# Why does Expand not work within a function?

I'm writing this fairly simple function:

hermite[0, x] = 1;
hermite[1, x] = 2 x;
hermite[n_, x_] := (
hermite[n, x] = 2 x*hermite[n - 1, x] - 2 (n - 1) hermite[n - 2, x];
Expand[hermite[n, x]]
)


But the Expand command is ignored.

Yet, when I do

Expand[hermite[10, x]]


The result is expanded like I wish.

Why is it not working when I put the same command inside a function? I'd like to do it in the function; it would be cleaner.

-
You forgot the underscore after x in the first two definitions. Now, these functions only work if you provide them with the symbol x as argument. Overall I'd say this is a bit messy definition. I have no Mathematica at hand at the moment, but I think the second time you evaluate this with the same arguments you already have stored a definition for these arguments which is then executed and you'll never get to the Expand. It looks like you have been incorrectly modifying a memoizing definition of hermite. –  Sjoerd C. de Vries Apr 23 '12 at 14:33
Audrey, you might want to take a look at this question, which gives better methods for implementing multiparameter recursive functions. –  Ｊ. Ｍ. Apr 27 '12 at 14:25

For me, both return the same result. Quit the kernel and restart or, use

ClearAll[hermite]
hermite[0, x] = 1;
hermite[1, x] = 2 x;
hermite[n_,x_] :=
(hermite[n, x] =  2 x*hermite[n - 1, x] - 2 (n - 1) hermite[n - 2, x];
Expand[hermite[n, x]]
)


As suggested in the comments here is the version you are likely after:

ClearAll[hermite]
hermite[0, x] = 1;
hermite[1, x] = 2 x;
hermite[n_, x_] :=
hermite[n, x] =
Expand[2 x*hermite[n - 1, x] - 2 (n - 1) hermite[n - 2, x]]


In the comments it was suggested to mention that in functions that have attribute Hold you are better of to call Evaluate as in

Plot[Evaluate[{hermite[0, x], hermite[1, x]}], {x, -5, 5}]


to avoid recursion.

-
oh, right, thanks. –  Audrey Apr 23 '12 at 14:09
By memoizing the unexpanded version of hermite you create a subtle bug. E.g, the first call to hermite[3, x] returns the expanded version -12 x + 8 x^3 whereas all subsequent calls will return the unexpanded version -8 x + 2 x (-2 + 4 x^2). The solution, of course, is to change the order of operations so that the the expanded version is stored. –  whuber Apr 23 '12 at 16:02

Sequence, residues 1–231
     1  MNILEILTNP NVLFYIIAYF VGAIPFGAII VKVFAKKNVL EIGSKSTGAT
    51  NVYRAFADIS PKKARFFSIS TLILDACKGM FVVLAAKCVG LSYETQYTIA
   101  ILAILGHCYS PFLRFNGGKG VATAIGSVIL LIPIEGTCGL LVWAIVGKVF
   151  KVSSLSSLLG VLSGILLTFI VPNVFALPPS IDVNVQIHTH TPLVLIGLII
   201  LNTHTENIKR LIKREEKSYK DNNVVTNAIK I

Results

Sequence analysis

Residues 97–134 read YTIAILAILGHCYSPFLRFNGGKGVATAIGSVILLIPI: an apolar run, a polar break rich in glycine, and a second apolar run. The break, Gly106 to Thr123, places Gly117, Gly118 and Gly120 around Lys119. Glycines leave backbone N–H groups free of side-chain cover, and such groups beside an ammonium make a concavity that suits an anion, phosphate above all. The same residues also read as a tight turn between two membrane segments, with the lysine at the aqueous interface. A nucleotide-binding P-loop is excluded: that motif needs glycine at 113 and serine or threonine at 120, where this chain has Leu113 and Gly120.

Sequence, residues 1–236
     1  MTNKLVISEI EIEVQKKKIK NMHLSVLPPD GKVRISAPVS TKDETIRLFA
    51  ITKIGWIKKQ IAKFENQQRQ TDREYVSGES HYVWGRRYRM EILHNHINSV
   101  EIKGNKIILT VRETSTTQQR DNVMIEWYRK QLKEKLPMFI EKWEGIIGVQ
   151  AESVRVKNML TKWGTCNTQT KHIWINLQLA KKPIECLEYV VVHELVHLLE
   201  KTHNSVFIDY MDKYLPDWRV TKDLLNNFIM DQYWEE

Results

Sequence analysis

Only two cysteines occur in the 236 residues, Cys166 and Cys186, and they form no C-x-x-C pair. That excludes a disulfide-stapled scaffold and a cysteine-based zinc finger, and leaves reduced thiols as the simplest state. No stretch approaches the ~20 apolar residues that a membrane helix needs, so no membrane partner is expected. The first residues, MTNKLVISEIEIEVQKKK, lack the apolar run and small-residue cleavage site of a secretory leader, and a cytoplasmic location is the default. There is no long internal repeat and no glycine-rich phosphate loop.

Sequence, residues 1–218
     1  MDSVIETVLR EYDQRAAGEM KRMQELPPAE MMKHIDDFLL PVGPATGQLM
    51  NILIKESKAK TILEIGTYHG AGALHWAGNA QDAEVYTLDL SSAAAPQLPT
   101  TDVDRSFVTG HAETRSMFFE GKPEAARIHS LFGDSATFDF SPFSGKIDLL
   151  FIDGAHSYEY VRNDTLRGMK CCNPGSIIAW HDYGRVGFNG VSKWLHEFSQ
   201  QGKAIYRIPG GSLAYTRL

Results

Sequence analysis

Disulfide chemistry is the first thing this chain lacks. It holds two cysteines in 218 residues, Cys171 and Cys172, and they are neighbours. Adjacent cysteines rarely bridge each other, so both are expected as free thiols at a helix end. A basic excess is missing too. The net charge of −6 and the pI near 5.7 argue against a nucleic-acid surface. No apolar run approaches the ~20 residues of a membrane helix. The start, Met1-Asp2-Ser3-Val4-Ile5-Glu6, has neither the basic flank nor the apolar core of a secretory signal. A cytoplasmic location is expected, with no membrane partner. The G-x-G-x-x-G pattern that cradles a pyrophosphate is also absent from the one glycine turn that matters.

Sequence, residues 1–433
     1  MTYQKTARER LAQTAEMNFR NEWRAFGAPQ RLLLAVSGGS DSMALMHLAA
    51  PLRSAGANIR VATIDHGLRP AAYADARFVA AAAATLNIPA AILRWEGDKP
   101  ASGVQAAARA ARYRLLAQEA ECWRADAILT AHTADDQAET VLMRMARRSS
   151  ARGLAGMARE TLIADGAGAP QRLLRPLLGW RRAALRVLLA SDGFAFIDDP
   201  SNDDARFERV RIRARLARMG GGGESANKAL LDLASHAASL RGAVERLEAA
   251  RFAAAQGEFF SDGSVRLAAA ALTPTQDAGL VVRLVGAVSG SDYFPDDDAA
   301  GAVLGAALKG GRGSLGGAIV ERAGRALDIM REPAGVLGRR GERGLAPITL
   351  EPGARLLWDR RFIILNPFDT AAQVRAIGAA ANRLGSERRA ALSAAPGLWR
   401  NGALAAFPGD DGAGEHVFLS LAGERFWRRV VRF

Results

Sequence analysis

@Artes, what exactly is defective? –  user21 Apr 24 '12 at 5:56
Haven't you got any messages $RecursionLimit::reclim ? Here it luckily works, even with them, but in general it is not recommended, e.g. for taking too much memory. – Artes Apr 24 '12 at 6:07 @Artes, no, no messages for me. – user21 Apr 24 '12 at 6:18 To implement what you intended to do, I suggest to take a look at this approach : hermite[0, x_] := 1 hermite[1, x_] := 2 x hermite[n_Integer /; n >= 2, x_] := hermite[n, x] = Expand[2 x*hermite[n - 1, x] - 2 (n - 1) hermite[n - 2, x]]  Now you shouldn't have problems anymore. Recalling that there are in Mathematica the Hermite polynomials$H_{n}(x)$since the version 1, namely HermiteH function, we can check if the above is correctly implemented : And @@ SameQ @@@ ({hermite[#, x], HermiteH[#, x]} & /@ Range[100])  True  e.g. hermite[10, x]  -30240 + 302400 x^2 - 403200 x^4 + 161280 x^6 - 23040 x^8 + 1024 x^10  The problem with your approach appears with so-called memoization of 2 x*hermite[n - 1, x] - 2 (n - 1) hermite[n - 2, x]  but not Expand[hermite[n, x]], so there you had i.e. hermite[5, x]  2 x (12 - 48 x^2 + 16 x^4) - 8 (-8 x + 2 x (-2 + 4 x^2))  instead of 120 x - 160 x^3 + 32 x^5  We solved the problem by remembering Expand[ 2 x*hermite[n - 1, x] - 2 (n - 1) hermite[n - 2, x] ]  To avoid another possible problems with the variable n, I included a condition in the definition of hermite[n, x]. In your approach you had i.e. hermite[1, x] = 2 x; and so evaluating i.e. Plot[{hermite[0, x], hermite[1, x]}, {x, -5, 5}] (* A *)  a message is generated $RecursionLimit::reclim of exceeded \$RecursionLimit (by default its value is 256). To avoid this problem you have do this :

 Plot[ Evaluate @ {hermite[0, x], hermite[1, x]}, {x, -5, 5}]  (* B *)


With my approach you needn't evaluate the functions, so you can choose (* A *).

-